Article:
- The Washington Times - Monday, January 24, 2000

The Saharan guerrillas drove their Land Rovers under some scrub trees after a day's ride across the stony desert, and under the brilliant stars they tuned a transistor radio to the Yankee Doodle theme music that begins each Voice of America (VOA) newscast.
A few years later, on the other side of the world, the Cambodian dictator Pol Pot then hiding in jungles near the Thai border heard on VOA newscasts that the government was close to capturing him.
Chinese dissident Wei Jingsheng, shortly after his November 1997 release from prison and expulsion to the United States, praised VOA for piercing the "bamboo curtain" of media control in China: "To get the truth in China, one has no choice but to become a faithful listener to the Voice of America."
Created 57 years ago as Nazi Germany swallowed Europe and imperial Japan moved on Asia, VOA began beaming short-wave radio broadcasts of U.S. news, views and propaganda into Western Europe, Asia and Africa.
It continues to broadcast around the globe in 53 languages. But with the defeat of Nazism, and then Soviet communism, its goals have evolved with the emergence of the post-Cold War world.
With a congressional mandate, it supports young democracies, free markets, ethnic tolerance and other American values and interests for a global audience estimated at 91 million.
From Albania to Zambia, VOA beams news and commentary daily into deserts, jungles, cities and war zones. Until recently virtually anyone, anywhere could tune in even in the United States, where the VOA is virtually banned.
The Smith-Mundt Act of 1948 bars the federal government from spending taxpayer money to broadcast information and propaganda within the United States, the fear being that an administration would use it to influence the American electorate for political gain.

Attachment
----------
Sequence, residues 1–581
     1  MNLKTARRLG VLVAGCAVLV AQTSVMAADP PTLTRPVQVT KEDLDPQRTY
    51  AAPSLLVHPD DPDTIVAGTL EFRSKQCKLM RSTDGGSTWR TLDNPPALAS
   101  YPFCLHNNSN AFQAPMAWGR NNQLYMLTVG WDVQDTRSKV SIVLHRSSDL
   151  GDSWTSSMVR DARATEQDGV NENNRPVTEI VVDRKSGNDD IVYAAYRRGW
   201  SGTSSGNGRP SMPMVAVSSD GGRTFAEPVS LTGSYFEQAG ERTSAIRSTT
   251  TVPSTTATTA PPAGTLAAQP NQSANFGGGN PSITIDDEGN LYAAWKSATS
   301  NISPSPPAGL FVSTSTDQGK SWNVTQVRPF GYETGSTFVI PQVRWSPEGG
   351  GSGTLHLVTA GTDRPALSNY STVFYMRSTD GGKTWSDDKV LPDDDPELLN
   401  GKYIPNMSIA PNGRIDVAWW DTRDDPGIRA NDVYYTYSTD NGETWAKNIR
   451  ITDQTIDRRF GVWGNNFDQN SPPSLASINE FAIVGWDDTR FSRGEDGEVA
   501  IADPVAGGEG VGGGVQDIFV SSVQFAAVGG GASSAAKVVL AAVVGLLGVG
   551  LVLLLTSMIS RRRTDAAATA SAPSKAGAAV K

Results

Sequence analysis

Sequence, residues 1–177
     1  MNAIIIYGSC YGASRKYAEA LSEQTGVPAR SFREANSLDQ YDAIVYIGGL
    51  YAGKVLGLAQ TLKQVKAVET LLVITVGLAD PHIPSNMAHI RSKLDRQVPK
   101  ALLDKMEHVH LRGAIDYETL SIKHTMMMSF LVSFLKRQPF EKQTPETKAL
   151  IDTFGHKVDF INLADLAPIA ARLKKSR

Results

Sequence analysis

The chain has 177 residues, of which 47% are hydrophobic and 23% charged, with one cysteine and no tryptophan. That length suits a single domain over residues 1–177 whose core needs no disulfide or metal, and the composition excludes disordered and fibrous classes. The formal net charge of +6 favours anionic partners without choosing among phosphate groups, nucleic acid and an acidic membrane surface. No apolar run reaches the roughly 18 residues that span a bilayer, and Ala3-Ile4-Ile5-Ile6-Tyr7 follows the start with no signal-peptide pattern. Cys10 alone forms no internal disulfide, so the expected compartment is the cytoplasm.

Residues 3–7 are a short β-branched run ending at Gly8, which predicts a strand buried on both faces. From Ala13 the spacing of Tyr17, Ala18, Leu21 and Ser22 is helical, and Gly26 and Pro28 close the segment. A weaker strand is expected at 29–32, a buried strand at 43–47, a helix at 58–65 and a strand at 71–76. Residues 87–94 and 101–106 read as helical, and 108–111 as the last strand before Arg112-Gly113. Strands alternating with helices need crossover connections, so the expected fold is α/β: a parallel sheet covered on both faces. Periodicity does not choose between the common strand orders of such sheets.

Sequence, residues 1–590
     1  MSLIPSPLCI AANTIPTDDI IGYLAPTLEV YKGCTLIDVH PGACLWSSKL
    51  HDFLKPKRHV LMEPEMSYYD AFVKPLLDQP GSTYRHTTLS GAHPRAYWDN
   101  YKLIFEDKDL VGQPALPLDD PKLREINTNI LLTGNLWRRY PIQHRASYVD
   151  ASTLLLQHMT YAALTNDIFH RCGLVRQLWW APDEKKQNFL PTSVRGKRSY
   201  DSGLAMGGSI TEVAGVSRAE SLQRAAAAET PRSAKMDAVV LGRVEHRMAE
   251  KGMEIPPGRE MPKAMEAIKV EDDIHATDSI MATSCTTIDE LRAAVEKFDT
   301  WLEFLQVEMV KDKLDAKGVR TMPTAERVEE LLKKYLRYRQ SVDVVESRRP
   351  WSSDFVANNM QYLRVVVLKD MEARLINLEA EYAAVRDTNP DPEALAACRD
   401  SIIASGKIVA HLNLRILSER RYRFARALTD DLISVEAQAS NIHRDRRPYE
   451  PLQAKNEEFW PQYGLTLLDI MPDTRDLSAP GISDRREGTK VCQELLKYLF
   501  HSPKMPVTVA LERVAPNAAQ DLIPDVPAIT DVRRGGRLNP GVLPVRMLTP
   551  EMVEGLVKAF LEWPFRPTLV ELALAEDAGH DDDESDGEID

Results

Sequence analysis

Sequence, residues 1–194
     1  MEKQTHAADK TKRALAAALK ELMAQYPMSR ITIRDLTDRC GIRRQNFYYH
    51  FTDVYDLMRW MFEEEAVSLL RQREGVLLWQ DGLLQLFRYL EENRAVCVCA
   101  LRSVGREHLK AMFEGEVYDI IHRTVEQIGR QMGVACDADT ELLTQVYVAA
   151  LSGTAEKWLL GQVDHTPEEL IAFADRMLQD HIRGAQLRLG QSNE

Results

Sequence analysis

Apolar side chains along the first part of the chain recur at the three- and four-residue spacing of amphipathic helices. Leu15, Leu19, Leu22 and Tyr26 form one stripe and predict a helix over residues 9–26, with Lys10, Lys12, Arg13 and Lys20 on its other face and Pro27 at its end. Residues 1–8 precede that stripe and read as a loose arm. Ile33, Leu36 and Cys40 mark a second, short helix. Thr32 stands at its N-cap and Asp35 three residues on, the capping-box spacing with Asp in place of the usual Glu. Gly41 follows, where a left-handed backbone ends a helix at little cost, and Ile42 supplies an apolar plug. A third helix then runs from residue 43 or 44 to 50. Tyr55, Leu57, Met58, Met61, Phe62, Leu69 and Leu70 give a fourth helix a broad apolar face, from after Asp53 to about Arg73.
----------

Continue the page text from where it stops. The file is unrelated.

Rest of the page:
But with new technology, especially the Internet, changing the way VOA reaches listeners, Americans can now listen to the service that helps define the United States for much of the world.
VOA Director Sanford J. Ungar pointed out with a wry smile that it is illegal for him to advise Americans to log onto the VOA s Web site.
"I'm not supposed to give out the Internet address," said Mr. Ungar a former correspondent in Africa and France for United Press International and Newsweek and a former host of National Public Radio's "All Things Considered."
However, at the Web site (www.voa.gov), Americans can bypass the ban and tune in to news broadcasts in most of the 53 languages sent out daily over short wave transmitters.
Click on the "News Now" icon and the listener can hear a five-minute newscast of the hour's top stories followed by in-depth features on topics such as Secretary of State Madeleine K. Albright's trips abroad or the Russian war in Chechnya.
The sound comes through crystal clear, without the static, fading, interference and a forest of competing, scratchy voices that typically bedevil short-wave broadcasts.
VOA's move to cyberspace follows its geographic evolution over time.
As broadcasts to Denmark, Holland, Italy and Japan were dropped after the end of World War II, new countries took their places such as Ethiopia, Nepal, Afghanistan and Rwanda.
VOA's mission has been to defend America's national interests by "telling America's story," say longtime officials and broadcasters with the service.
When the war against fascism shifted to the Cold War against communism, VOA targeted its programming to audiences in the new battlegrounds of Eastern Europe and the developing nations of Africa, Asia and Latin America.
After the Cold War ended, a task force appointed by President Bush reviewed the need for VOA and concluded it would remain useful for U.S. interests.
"When we began our deliberations, we were told by some witnesses that 'the time has come to scale back American international broadcasting, due to both budget and geopolitical concerns,'" said the task force report in 1991.
"We believe that is wrong. The opposite is true. As much as ever, these unique tools of public diplomacy can serve the nation."
Freedom House, a public policy group, said in 1998 that 42 percent of the world's people live in countries with governments that severely control or suppress print and broadcast news.